Alsation Cages by Grayham Puttock - A Review

Alsation Cages by Grayham Puttock - A Review

Alsation Cages is a beguiling book indeed, and as it turns out I suspect author and artist Grayham Puttock intended and wanted this to be the case.

Don Siegel's 1971 American classic that stars Clint Eastwood is clearly referenced in the dialogue of Grayham's fascinating book.

With this in mind Puttock later cites The Wicker man as a more obvious inspiration for his graphic novel.

What is to be said about Grayham's rather unique creation?

There will be a conclusion...


Grayham Puttock was kind enough to send me a review copy of his latest work, and I will say at the outset it was an odd book to read. Wisdom dictates it makes sense to leave some of those thoughts a little while longer.

Instead there is some common sense in establishing the basics first:

Alsatian Cages is published under the writer's own publishing imprint "Don't Look Now" banner and it is very well produced.

Behind a polished exterior there are well over 150 pages of black and white artwork in this book. In addition there are some lovely unused images Grayham Puttock decided not to use but does ultimately share with the reader.

The book is printed in an exact A4 format and boasts a clean white spine that will stand out nicely on any comic fan's bookshelf.

Also the paper stock is perfect and ideal for black and white art, especially where on occasion there are some (but not many) very solid black images.

Simply flicking through the pages one of my first observations was the quality of the lettering. The word balloons are well placed and mostly circular. They are reminiscent of John Workman's excellent work on titles like Doom Patrol.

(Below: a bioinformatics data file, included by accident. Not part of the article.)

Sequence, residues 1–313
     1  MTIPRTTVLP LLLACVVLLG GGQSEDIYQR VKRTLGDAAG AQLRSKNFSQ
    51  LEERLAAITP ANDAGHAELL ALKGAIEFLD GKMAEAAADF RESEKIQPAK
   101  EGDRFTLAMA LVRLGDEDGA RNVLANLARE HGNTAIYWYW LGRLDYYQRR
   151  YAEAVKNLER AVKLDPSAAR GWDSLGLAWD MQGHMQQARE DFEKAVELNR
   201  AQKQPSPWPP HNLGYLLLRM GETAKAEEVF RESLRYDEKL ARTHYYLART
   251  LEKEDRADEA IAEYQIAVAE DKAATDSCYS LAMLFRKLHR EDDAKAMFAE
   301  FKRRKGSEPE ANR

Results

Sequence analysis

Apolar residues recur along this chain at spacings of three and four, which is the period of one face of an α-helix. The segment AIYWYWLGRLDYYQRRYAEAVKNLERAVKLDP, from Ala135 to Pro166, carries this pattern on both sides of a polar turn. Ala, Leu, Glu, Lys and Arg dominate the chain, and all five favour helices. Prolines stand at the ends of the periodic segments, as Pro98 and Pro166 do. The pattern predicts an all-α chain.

Elsewhere the lettering on some of the bare white backgrounds can't help remind this reader recall some classic Swamp Thing pages, and that feels entirely appropriate.

The story here is a strange but freakishly addictive tale of VERY old English folklore.

There is also a dose of sarcasm and wit to enjoy. It all comes with a tasty buffet of  some amusingly dated pop culture references that are used in a clever but twisted way.

There are surprise appearances from polite talking animals and icons from 70's and 80's sitcoms alike.

It would be rude to spoil the storyline except to say there is an element of Chris Nolan's movie Memento to the extent that not every chapter is told entirely in the right order. This is hardly a spoiler because that is apparent from page one onwards, and it is a storytelling tool that makes the ride (perhaps the TRIP) all the more enthralling.

The uneasy feeling of joining a cult and being indoctrinated into it is palpable. It is a feeling that makes the journey that little bit more fun.

Puttock's writing shows a flair for naturalist and poetic dialogue. He creates normal characters with a sideways diction that I would love to meet for a drink but not on a dark night in a forest.

Nevertheless in the best traditions of creating a spooky tale there are some right weirdos to enjoy here. I mean seriously ODD!.

To add to the cauldron there is a nice reference to The Rise and Fall of Reggie Perrin that solidifies a love of a certain era of British culture.